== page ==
Career progression depends entirely on the organisation within which the archivist works. In the case of an NHS hospital, for example, there are many career paths open to candidates who demonstrate their commitment over a number of years. It is possible, in this instance, that the archivist could move into a data management or data analysis role. In small organisations such as in theatres and small libraries, opportunities for progression are more limited, although some candidates find this rewarding as they effectively become indispensable to the organisation’s effective operation.



Also known as…

  • Administrative assistant

Related Jobs

What’s it really like?

Irene Keene is a voluntary archivist at the Goodspeed Opera House in East Haddam, Connecticut, and Scherer Library of Musical Theatre, an affiliate venue and organisation.

What made you decide or choose to get into this sort of career?

In the 1980s and ‘90s I was an entertainment publicist and, later, an editor at different entertainment magazines. Once my family and I moved to Connecticut in 2001, I was no longer involved in the entertainment community. Fast forward to the summer of 2011, it dawned on me that the Goodspeed Opera House, the home of the American Musical Theatre (located in East Haddam, Connecticut in the US), might be in need of volunteers, as I wanted to work in the entertainment sector. I went onto their web site, and voila! I found a link to the Goodspeed Guild, the volunteer organisation that helps with the productions, and also with day-to-day administrative needs.

Do you have a standard day or a standard type of `exercise’?

Not really. Since I’m a volunteer, I make my own hours. Those working as full time or part time archivists will be subject to the terms of their employment contract, and that is down to yourself.

What is the most common type of problem/call-out/enquiry to which you must attend?

We are often asked to help with “office rescue”, which typically means stuffing envelopes, attaching mailing labels to the envelopes, etc., in order to get an urgent production completed. When a production at the Goodspeed – three per year at both the main stage (the Opera House in East Haddam, CT), and at the Goodspeed’s sister stage, the Norma Terris Theatre in Chester, CT – is extended by a week, we are asked to affix labels with the new date on the “heralds” (one-page brochures). I am also an archivist at the Scherer Library of Musical Theatre, which is an affiliation of Goodspeed Musicals. I assist the head librarian/education director and his staff. This could be anything from returning books to shelves, to archiving photographs and documents that pertain to musical theatre, or to the history of the opera house itself.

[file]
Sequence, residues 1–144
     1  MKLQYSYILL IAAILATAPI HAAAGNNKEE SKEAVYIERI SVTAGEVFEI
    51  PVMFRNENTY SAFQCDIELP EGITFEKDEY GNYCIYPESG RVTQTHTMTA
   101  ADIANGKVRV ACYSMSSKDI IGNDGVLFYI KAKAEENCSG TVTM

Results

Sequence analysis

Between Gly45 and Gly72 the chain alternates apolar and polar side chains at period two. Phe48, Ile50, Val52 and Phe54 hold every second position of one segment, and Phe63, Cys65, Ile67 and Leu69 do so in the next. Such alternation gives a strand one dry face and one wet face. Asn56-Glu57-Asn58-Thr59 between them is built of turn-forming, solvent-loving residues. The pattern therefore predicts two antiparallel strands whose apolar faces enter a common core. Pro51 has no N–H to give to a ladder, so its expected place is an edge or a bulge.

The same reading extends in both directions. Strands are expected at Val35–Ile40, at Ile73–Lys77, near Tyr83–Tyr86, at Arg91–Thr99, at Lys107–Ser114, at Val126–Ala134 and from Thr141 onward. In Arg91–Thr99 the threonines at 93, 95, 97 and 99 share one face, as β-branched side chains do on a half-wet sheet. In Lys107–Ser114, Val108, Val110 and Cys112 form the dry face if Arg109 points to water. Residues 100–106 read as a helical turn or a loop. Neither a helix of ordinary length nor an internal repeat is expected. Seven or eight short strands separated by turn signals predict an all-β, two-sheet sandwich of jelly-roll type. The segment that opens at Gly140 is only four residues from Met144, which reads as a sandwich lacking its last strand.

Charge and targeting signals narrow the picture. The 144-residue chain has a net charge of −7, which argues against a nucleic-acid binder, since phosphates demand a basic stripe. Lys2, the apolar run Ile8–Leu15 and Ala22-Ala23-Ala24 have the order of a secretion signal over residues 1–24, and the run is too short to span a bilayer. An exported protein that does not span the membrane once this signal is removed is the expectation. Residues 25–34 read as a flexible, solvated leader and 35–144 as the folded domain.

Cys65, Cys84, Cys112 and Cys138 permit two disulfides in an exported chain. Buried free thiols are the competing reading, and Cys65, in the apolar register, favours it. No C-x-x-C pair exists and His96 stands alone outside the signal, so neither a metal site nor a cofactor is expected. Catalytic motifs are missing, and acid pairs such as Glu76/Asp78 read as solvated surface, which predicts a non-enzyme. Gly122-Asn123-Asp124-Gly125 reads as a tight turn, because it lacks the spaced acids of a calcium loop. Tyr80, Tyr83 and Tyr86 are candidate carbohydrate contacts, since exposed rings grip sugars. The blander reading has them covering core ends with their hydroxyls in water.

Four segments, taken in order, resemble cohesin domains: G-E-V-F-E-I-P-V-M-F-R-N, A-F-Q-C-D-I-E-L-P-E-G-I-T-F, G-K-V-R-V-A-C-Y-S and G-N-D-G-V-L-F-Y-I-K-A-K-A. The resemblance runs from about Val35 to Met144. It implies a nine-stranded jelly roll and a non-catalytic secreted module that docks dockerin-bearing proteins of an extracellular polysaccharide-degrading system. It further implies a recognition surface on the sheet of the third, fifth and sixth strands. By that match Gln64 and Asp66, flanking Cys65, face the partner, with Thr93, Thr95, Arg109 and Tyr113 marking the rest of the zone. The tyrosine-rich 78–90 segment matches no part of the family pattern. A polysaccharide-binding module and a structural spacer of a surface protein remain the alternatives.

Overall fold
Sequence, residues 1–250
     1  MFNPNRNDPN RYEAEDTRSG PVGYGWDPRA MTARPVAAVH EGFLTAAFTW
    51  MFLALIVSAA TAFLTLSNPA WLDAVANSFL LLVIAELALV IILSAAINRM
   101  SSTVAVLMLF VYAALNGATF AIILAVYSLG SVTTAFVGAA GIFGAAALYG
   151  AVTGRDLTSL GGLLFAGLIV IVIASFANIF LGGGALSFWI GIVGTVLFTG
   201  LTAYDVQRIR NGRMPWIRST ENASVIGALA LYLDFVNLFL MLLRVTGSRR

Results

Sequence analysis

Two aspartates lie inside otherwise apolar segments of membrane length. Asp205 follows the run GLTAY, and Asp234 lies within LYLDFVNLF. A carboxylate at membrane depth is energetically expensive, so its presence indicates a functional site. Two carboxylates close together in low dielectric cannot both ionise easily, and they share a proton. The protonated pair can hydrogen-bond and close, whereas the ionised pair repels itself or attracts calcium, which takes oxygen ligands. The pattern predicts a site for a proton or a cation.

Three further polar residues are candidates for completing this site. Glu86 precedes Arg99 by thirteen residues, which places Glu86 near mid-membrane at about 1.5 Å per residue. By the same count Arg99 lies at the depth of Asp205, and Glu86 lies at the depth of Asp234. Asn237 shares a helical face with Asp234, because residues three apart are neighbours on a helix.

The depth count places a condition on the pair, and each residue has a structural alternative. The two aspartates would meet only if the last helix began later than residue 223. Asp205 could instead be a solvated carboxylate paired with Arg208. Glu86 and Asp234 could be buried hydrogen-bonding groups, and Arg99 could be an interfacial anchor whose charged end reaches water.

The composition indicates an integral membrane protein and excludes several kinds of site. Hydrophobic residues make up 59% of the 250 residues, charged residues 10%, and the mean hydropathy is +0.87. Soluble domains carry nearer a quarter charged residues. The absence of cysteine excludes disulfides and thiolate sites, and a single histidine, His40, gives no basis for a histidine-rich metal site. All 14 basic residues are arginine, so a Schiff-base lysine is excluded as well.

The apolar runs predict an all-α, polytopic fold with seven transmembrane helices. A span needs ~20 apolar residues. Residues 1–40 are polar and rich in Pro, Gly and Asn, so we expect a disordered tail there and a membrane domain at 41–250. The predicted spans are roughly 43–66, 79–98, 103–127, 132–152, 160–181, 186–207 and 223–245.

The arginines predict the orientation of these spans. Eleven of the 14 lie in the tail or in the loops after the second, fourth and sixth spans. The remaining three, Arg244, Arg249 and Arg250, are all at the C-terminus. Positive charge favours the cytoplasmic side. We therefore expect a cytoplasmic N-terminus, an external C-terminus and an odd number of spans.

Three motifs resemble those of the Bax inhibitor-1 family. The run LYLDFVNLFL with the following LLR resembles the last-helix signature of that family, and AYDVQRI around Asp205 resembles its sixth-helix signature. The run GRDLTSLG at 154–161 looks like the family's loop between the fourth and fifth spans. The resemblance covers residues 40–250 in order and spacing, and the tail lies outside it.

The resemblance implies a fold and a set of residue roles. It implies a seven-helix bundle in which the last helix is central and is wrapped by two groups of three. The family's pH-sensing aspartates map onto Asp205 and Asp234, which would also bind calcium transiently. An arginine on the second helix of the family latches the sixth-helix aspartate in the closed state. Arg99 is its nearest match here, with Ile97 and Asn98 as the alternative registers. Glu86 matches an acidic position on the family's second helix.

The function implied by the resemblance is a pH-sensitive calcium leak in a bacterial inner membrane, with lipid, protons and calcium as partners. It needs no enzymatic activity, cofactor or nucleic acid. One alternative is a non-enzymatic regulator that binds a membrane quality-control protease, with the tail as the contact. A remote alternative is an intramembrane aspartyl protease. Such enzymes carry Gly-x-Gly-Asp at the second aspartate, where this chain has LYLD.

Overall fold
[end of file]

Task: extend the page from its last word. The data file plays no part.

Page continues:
What do you like most about the job?

Being back in a “show biz” environment – the knowledge that even in a small way, I am contributing to the preservation of the arts; that’s really what keeps me engaged in archiving.

What do you like least about the job?

Nothing! It’s the reason I choose to give my time voluntarily for the organisations I am committed to.

What are the key responsibilities?

Being organised. This is crucial with all admin roles, and a key part of doing this job.

What about academic requirements? Any formal demands, eg A Levels?

As a volunteer, this is a non-issue. I did study Television and Radio Communications at Syracuse University in Syracuse, NY. I received my Bachelor of Science degree in 1981.

What is the starting salary, and how does this increase over time with promotion?

This does not apply to my specific roles as I choose to do them voluntarily.

What advice do you have for someone who is looking to get into this as a career?

Breaking into anything to do with the entertainment industry can be very challenging, as it’s obviously highly competitive. This also means that even those candidates who wish to give their time voluntarily will come up against a large number of other applicants. I would suggest internships. For someone who is already in the work force, or retired, volunteering is a wonderful thing.

What are the most important qualities an applicant must and should possess?

In the case of where I volunteer, a love of musical theatre, and an interest in cultural arts preservation.

Leave a Comment

Back to all Posts

Explore More within MyJobSearch

My Job Search
Get to work faster with jobs for felons curated for you.
post explore
post explore

Explore Resumes

Browse our templates to find one that matches your personality.